“His downfall was his insistence on centralizing power at all costs and a stubborn refusal to bring more people under his tent,” said Michael Kugelman, deputy director of the Asia Program at the U.S.-based Wilson Center. “Later on, his inability to develop a clear strategy to address the Taliban insurgency and perceptions that he was obstructing the peace process hurt him as well.”
Ghani, 72, spent most of his career overseas as a student and academic before returning to Afghanistan in 2002.
He arrived with a powerful set of economic credentials. He was attractive to the West with his World Bank background and was seen as a possible solution to Afghanistan’s crumbling and corrupt economy. He was finance minister for two years until 2004. He survived cancer.
In 2014 he fought his first presidential race. It was criticized as deeply flawed and allegations of widespread fraud threatened to destabilize the still fragile nation. Both Ghani and his rival Abdullah Abdullah claimed victory. In the end, the United States brokered a compromise and divided power between the two men and even created a new position of chief executive.
The next election in 2019 fared the same. Again, accusations swirled of deep corruption and both Ghani and Abdullah declared themselves president. They eventually ended months of bickering and Abdullah became head of the National Reconciliation Council that was to bring Afghanistan’s warlords and political leaders together to put a united face before the Taliban.
But Ghani’s belligerent operating style undermined him again.
“He worked with a very small circle of ‘yes’ men and got filtered news about the country from them,” said Torek Farhadi, a former advisor to the Afghan government. “Others didn’t dare talk truth to him. He replaced all experienced people in the army and the government with junior people beholden to him. In a traditional country, Ghani was the guy who governed upside down.”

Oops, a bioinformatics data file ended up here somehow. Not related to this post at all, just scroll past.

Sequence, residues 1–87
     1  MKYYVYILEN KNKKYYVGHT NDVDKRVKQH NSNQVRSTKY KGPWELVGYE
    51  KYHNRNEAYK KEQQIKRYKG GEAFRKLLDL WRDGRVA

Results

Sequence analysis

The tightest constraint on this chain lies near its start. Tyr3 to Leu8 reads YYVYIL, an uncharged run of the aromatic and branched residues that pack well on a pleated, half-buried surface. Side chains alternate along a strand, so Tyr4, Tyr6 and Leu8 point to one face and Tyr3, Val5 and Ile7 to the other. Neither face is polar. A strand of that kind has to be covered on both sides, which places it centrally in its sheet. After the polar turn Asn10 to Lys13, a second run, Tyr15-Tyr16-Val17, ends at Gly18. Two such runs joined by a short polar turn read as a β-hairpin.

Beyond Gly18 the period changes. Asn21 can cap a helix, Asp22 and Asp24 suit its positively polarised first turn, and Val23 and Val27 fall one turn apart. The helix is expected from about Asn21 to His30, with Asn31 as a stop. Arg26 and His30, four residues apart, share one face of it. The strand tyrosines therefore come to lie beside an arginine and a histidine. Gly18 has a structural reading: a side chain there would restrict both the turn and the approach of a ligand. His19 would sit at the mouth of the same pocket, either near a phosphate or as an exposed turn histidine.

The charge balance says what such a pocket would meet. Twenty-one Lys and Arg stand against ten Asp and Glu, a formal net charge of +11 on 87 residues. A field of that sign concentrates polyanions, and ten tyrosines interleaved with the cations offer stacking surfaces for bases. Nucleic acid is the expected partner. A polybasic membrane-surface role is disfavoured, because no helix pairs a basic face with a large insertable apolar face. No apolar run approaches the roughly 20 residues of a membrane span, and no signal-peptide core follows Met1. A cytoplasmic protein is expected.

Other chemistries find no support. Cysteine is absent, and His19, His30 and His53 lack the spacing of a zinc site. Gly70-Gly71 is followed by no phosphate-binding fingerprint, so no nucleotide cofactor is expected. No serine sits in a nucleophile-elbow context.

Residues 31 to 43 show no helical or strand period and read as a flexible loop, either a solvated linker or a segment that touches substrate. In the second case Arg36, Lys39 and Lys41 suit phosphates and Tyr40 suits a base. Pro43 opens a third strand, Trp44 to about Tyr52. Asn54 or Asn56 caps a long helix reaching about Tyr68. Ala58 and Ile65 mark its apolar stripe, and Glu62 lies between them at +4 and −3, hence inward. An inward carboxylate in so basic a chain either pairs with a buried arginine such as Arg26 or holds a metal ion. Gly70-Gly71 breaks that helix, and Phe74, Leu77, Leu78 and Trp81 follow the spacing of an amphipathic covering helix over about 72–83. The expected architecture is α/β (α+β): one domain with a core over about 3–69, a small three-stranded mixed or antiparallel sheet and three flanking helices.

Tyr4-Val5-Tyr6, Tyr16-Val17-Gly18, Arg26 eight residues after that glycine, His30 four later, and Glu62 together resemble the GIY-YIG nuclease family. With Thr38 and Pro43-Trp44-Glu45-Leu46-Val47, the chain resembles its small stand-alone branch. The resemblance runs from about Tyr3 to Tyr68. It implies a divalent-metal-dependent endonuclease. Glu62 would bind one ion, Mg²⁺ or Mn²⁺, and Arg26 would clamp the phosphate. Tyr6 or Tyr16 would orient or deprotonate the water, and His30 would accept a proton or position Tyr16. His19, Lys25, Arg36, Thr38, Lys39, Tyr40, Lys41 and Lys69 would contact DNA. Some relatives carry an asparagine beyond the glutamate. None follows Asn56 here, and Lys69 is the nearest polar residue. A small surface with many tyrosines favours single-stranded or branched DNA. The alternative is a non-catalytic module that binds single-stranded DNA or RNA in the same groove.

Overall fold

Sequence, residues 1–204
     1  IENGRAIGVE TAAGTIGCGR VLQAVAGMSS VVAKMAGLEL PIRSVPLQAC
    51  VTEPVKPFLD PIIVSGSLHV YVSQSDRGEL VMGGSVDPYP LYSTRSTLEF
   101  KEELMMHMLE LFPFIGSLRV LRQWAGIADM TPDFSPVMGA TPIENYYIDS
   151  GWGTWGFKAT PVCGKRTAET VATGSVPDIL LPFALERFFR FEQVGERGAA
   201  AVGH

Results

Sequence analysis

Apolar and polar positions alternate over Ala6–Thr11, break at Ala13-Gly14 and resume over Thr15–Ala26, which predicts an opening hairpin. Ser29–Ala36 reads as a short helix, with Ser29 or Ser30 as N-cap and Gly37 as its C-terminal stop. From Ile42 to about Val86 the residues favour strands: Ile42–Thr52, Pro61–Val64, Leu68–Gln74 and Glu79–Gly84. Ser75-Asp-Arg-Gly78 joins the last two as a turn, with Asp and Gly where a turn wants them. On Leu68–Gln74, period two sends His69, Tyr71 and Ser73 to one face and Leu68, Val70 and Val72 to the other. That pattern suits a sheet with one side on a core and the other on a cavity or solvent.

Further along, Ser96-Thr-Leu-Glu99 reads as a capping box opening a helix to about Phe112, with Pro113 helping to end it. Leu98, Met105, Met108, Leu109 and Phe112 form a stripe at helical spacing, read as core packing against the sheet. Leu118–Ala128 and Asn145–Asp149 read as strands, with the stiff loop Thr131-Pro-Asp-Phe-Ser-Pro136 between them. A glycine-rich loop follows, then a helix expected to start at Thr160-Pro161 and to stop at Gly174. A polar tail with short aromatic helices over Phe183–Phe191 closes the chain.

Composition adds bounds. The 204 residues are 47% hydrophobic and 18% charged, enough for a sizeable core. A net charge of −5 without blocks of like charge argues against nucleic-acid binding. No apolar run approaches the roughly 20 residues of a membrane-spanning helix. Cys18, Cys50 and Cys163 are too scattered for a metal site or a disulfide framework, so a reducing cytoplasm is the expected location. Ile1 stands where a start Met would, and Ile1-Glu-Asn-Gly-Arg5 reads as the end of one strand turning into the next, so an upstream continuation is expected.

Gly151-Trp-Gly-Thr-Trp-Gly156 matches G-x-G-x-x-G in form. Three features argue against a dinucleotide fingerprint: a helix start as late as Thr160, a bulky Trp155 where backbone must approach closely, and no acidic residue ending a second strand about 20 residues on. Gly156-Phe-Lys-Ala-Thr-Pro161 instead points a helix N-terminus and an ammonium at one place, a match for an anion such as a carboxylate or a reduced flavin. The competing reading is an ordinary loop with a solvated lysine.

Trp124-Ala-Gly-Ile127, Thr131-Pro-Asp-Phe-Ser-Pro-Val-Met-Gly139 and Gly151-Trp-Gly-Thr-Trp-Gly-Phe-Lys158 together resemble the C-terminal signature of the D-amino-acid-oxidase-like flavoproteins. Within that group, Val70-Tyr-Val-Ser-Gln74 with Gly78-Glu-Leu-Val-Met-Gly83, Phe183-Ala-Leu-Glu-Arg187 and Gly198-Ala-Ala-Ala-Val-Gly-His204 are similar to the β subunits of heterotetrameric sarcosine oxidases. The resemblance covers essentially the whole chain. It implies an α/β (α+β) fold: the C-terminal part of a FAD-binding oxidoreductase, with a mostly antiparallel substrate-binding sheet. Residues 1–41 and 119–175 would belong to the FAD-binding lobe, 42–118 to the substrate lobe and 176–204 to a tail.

As the Trump administration opened negotiations with the Taliban in 2016, Ghani was asked by U.S. peace envoy Zalmay Khalilzad to cobble together a strong united team — one that could conduct tough negotiations with the Taliban. Efforts quickly faltered.
In April, a frustrated U.S. Secretary of State Antony J. Blinken urged Ghani to forge a united stand. He warned the president that he had to expand his circle and be inclusive.
“Unity and inclusivity ... I believe is essential for the difficult work ahead,” Blinken wrote.
“Even with the continuation of financial assistance to your forces from the United States after an American military withdrawal, I am concerned the security situation will worsen and that the Taliban could make rapid territorial gains,” Blinken warned.
Roggio, of the Foundation for Defense of Democracies, said there are many reasons for the government’s collapse, but “Ghani was not the man to lead Afghanistan during its darkest hour.”